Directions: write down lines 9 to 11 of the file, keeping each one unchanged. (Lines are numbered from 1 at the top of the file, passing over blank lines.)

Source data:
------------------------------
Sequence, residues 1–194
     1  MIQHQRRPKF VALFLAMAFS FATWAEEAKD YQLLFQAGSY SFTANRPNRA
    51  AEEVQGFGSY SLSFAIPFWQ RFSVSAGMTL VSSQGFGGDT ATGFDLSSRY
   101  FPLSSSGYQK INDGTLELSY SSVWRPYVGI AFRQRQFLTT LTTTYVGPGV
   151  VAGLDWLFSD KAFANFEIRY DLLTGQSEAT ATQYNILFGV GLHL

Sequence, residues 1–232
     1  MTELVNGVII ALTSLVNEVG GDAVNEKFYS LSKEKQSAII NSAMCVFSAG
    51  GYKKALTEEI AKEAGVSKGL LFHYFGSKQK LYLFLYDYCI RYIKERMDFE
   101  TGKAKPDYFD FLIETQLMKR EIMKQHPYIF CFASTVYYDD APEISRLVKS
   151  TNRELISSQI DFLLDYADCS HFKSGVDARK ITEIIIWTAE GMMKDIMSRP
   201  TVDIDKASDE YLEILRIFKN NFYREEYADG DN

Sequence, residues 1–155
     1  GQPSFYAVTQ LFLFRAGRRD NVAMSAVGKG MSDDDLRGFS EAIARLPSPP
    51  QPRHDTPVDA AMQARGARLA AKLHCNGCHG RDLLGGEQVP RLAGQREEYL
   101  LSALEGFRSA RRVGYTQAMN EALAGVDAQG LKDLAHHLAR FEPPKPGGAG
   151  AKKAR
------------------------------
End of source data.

   101  TGKAKPDYFD FLIETQLMKR EIMKQHPYIF CFASTVYYDD APEISRLVKS
   151  TNRELISSQI DFLLDYADCS HFKSGVDARK ITEIIIWTAE GMMKDIMSRP
   201  TVDIDKASDE YLEILRIFKN NFYREEYADG DN